all of us and we hated him. again, it was so ugly. but, i always think -- you talk about james madison's vision for how it's supposed to work. even when you have people going like this, or maybe because you have people going like this, balanced the budget four years in a row, first time since the 1920s. welfare reform, two successful military campaigns, 22 million new jobs. a lot of different things. so yesterday the idea of the interview was we were going to figure out if bill clinton were president, what would he do to get this economy started? i would suggest the most important thing to talk about and, of course, he didn't disappoint, did he? >> no, he didn't. >> brilliant responses. and yet the rest of the day we were savaged. i was savaged with why didn't you bring up monica? why didn't you bring up impeachment. and then the left, why were you so critical of barack obama? which i wasn't. but does this none, jon meacham suggest what's wrong with this country? everybody, all the adults at least are focussed on how do we get the economy started again. how do we grow jobs. these harsh
meetings, town hall meetings and a lady asked a couple of tough questions. one was tell us about your faith. the other was will you eat one of my husband's red hot chilli peppers. >> i think he's been trying to do what we've been talking about which is connect and on different levels where there are questions, he's going there. that connection with the woman on the economy the other day, still sort of reverberates today because it was a seminal moment for this president and this country in terms of how people feel. he's putting himself out there. i commend him for it. i think it's hard for him. >> i think it's very hard for him. you can tell with him answering that question. >> i read the "times" story. as a guy who grew up in a southern baptist church. my parents took me there in the morning. they made me go to training union at night even when the super bowl was on. we were there wednesday night. we were there friday night. i grew up in an evangelical culture. i see you smirking wondering what happened to me. so i look through that statement, and when he says things like, jesus died for m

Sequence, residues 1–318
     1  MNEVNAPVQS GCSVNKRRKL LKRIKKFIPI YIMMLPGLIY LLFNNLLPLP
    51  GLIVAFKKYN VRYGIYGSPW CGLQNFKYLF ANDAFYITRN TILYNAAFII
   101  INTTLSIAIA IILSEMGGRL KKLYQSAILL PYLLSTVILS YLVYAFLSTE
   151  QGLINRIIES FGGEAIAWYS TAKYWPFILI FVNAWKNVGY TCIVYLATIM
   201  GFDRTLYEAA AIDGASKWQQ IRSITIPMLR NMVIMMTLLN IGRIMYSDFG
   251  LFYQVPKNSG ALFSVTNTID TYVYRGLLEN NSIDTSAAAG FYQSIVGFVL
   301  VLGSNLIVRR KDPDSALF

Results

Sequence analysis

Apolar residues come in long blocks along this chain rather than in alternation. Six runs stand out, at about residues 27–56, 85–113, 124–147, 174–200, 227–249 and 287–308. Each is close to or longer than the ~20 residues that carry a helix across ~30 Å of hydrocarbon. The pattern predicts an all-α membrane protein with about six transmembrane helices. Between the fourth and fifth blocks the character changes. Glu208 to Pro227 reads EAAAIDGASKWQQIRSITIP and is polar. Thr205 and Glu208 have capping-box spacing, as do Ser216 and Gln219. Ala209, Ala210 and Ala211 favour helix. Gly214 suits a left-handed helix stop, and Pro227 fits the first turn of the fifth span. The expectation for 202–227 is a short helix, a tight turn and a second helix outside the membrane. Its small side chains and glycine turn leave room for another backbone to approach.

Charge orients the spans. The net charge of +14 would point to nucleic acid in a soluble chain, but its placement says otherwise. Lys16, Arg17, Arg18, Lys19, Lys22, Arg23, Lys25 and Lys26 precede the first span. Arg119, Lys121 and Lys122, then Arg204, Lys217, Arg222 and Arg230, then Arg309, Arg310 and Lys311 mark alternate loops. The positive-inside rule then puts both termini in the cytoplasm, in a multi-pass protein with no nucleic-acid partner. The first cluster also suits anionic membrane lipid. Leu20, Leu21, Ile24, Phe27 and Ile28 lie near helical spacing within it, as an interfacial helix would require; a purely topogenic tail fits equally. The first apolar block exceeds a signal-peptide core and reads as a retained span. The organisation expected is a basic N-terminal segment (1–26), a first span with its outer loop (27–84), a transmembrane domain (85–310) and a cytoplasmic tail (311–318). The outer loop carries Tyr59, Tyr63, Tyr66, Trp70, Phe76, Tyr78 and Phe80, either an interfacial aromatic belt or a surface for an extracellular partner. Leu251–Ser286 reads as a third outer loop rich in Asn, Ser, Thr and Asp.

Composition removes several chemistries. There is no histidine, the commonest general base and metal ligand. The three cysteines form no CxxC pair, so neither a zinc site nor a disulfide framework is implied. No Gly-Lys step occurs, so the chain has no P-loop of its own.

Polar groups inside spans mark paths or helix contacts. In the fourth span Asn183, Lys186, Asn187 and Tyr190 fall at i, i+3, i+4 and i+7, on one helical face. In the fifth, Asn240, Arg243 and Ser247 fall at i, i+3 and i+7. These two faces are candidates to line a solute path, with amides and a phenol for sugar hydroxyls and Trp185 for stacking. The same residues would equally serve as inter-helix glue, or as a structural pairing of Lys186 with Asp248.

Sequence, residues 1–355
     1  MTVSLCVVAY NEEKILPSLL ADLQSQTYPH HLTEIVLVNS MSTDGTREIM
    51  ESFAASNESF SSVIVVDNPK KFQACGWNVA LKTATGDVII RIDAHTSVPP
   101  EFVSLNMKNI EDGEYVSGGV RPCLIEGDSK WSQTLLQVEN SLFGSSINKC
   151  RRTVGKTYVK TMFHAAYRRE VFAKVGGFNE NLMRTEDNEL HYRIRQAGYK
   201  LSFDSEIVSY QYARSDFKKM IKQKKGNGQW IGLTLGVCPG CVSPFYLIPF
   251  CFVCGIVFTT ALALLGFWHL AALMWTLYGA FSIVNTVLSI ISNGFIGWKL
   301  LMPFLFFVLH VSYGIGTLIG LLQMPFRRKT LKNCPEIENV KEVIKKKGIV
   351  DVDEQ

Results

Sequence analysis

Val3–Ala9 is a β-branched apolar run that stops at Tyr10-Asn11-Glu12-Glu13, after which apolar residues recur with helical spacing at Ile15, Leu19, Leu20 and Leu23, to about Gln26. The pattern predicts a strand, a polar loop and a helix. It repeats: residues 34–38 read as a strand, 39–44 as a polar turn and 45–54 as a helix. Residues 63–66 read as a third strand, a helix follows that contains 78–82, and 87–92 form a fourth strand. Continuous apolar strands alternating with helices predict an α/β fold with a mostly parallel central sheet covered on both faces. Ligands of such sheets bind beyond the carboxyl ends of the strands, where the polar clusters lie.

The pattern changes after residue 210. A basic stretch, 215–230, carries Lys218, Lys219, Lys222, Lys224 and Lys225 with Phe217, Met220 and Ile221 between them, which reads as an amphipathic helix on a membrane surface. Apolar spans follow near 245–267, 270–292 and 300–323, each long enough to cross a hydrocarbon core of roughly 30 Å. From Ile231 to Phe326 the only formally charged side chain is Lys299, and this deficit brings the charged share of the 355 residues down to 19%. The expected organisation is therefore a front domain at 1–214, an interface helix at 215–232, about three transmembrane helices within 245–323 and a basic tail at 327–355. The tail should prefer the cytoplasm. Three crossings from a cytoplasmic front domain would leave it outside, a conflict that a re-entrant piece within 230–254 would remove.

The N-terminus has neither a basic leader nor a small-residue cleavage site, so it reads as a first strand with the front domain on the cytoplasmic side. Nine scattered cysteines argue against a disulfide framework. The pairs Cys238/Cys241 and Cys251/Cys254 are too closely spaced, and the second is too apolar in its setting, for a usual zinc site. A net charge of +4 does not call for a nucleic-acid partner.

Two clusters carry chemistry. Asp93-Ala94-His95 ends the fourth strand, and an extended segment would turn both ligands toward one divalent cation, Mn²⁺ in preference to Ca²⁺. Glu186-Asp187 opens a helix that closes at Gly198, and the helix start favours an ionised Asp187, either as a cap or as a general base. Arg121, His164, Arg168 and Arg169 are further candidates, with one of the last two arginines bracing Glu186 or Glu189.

will join us. andrew ross sorkin, and eugene robinson, all coming up today on "morning joe." good lineup. >> we've got a very good lineup and a lot to get to. >> we'll start with the news. with the midterm elections fast approaching, president obama rolling out new finishives to boost the economy. and tomorrow in cleveland, the president will reportedly propose a permanent extension of tax credits for business owners to invest in research and development. also on the table a plan to allow companies to write off 100% of their investments in new plants and equipment through the end of next year. yesterday in milwaukee, the president announced a proposal to invest in new roads and railways. the $50 initiative is a six-year plan that would create a government-run bank to finance transportation projects. the white house says it would create jobs by improving and expanding $150,000 miles of the nation's roads, 4,000 miles of railways, and 150 miles of airport runways. although president obama says the plan will be fully paid for, and will not add to the deficit, republican leaders like john bo
Search Results 0 to 18 of about 19